Don’t worry, that’s not a typo.
Nor does it mean that you’ve missed a whole year (although we probably all feel like we could have done with a little less 2020).
But I want you to imagine for a second that it’s almost January 2022.
Well, although we’re all going to probably feel a lot better psychologically in a few weeks time, the fact is that the situation on January 1 2021 will look a lot like the situation in late December, 2020.
In fact, in the UK and US things might even be worse in January when the post-Christmas spike hits. (And we used to think that Brussels spouts were the worst thing about Christmas dinner.)
Even though we have several vaccines available, most of us are far down the waiting list and many countries might not see a vaccine until late 2021 or even later.
So January 2021 isn’t going to magically make everything better.
However, I’m not here to be the COVID Grinch. Instead, I want to suggest two positive exercises.
Plan ahead for 2021
The first exercise is to think about what do you need to do next year so you will meet your objectives and end 2021 in a strong position. Even though we’ll go into the New Year with a lot of positive news, we’re still operating under COVID-rules so let’s plan accordingly. Start thinking about what you want your organization to look like when you get to January 2022.
Start with a review of this year to get ready for 2021. That’s going to help you look at the bigger risk issues that you need to take into consideration and to identify lessons learned from 2021 that need to be applied.
Next, get operational. Take a look at the ‘Operating under COVID-19 constraints’ webinar I did back in April (It’s on the COVID resources page about a 1/3 way down). The situation you’re facing now will be different from back then but re-run that exercise and think about what your operating environment will look like through 2021.
Maybe you can stick with what you’ve got in place now.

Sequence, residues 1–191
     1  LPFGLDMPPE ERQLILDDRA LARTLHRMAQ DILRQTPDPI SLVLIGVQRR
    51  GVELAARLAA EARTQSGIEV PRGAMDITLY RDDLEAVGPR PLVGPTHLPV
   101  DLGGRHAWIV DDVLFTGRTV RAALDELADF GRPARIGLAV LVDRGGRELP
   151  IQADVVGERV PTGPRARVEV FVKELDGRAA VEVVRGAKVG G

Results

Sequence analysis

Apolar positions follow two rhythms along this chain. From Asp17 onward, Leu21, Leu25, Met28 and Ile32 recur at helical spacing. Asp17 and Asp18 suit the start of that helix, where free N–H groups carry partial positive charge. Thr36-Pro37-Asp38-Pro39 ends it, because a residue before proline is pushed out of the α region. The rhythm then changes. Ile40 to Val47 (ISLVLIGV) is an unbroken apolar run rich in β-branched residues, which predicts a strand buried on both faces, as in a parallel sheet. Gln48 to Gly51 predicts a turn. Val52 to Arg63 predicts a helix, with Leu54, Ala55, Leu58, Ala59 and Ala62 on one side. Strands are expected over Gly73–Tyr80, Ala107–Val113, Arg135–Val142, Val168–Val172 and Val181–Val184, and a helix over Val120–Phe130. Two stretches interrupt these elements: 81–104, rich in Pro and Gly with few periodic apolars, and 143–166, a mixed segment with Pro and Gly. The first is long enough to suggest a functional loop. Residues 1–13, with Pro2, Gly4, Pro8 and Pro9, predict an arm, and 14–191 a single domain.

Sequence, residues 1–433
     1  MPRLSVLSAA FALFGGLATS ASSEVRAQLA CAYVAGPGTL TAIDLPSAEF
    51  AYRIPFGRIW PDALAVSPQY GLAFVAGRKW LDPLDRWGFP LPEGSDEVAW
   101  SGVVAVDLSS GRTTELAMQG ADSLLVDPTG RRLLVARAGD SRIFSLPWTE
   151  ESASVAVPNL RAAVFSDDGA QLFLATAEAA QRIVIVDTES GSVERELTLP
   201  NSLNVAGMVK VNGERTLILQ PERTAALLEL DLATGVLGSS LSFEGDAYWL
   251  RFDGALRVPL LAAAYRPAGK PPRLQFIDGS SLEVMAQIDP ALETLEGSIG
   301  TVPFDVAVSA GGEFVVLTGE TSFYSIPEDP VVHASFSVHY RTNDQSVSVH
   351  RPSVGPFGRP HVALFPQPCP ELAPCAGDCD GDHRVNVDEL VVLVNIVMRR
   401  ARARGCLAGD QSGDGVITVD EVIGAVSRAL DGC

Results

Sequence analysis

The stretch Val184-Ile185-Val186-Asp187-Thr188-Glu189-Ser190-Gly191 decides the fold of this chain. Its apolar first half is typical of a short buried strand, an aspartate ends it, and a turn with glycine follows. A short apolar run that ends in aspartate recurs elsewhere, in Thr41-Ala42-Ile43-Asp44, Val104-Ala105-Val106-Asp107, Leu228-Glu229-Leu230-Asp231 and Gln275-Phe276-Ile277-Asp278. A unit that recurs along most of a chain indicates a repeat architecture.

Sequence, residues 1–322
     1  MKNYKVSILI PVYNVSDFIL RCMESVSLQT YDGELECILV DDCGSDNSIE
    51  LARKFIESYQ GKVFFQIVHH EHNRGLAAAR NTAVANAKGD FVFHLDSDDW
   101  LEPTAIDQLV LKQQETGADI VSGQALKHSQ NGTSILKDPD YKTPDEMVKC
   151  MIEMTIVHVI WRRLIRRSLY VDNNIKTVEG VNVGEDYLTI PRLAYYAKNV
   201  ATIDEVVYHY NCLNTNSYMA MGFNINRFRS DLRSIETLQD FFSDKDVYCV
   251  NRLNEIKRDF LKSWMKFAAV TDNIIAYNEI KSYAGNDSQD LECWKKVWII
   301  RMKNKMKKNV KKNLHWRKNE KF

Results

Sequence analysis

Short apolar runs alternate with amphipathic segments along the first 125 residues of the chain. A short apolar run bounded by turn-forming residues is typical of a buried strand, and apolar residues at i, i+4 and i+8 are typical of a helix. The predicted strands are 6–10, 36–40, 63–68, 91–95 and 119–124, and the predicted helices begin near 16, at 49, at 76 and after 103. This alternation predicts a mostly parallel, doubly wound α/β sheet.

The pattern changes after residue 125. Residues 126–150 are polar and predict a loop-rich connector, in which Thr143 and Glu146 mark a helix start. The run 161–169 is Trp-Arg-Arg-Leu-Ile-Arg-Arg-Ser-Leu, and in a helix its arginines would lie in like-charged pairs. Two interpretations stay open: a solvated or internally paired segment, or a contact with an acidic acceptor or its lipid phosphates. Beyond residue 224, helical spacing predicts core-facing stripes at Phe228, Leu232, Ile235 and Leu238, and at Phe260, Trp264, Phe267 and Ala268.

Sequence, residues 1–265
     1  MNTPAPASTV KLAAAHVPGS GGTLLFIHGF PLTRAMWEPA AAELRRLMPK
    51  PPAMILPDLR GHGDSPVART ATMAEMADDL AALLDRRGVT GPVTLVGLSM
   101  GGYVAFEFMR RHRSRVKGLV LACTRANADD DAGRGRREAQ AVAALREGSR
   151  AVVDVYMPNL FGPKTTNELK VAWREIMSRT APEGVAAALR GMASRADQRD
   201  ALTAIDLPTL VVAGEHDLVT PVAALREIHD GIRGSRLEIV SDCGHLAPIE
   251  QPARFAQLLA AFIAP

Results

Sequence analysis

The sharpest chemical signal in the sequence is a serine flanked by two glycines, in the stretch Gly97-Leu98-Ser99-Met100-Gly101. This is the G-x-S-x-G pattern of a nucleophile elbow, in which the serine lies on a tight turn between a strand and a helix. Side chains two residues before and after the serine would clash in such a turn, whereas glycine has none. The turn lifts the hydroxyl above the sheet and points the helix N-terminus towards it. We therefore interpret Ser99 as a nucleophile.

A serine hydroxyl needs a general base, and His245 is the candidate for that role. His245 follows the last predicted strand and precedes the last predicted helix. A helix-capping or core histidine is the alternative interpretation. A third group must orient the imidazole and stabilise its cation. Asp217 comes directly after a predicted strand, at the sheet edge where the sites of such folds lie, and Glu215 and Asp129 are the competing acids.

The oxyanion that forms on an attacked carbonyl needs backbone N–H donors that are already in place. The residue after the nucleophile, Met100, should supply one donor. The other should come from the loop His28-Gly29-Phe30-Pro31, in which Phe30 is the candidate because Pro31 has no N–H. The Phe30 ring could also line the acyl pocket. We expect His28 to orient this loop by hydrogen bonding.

Maybe, you’ll need to make changes.
Whatever the case, think about your game-plan for 2021 and be proactive.
2020 was a very reactive year for many organizations. 2021 is time to get back into the driving seat.
Look back from 2022
The second exercise is to imagine it’s January 2022 and think back to what you will have achieved.
- What went your way and helped speed you towards your objectives?
- What opportunities were you able to take advantage of?
- What didn’t quite work out?
- What got in the way of your plans?
- What hit you from left-field?
- What else could you have done with the time and resources you had?
That’s going to help you find holes – and spot opportunities – in the plans you’ve just built but it will also have a positive effect on your outlook. Similar to an athlete visualizing his or her successful performance, this will help you go into next year with a positive mindset because you’re thinking about 2021 as a successful year.
From my personal experience in the military and endurance sports, the alternative – thinking things are going to be a disaster – is a self-fulfilling prophecy. I have enough failures and DNFs* to go around so there’s no need to test this yourself.
I realize that seeing the silver-lining can be hard as a risk manager. After all, our job starts with us working out what can go wrong. But we’re also supposed to plan a route through those problems to success so avoid staying in Eeyore mode too long.
Back to the present
This has been a hard year for many people and, sadly, January 2021 won’t miraculously change everything. However, I truly believe that things will be dramatically different in January 2022 but we won’t be able to get there, or to take advantage of those changes, unless we make plans.
So why not take some time and think about what you want things to look like in January 2022, and what 2021 will look like when you get there. That way, you can end 2020 on a positive note and set yourself up for success in 2021.
Photo by Jeremy Lapak on Unsplash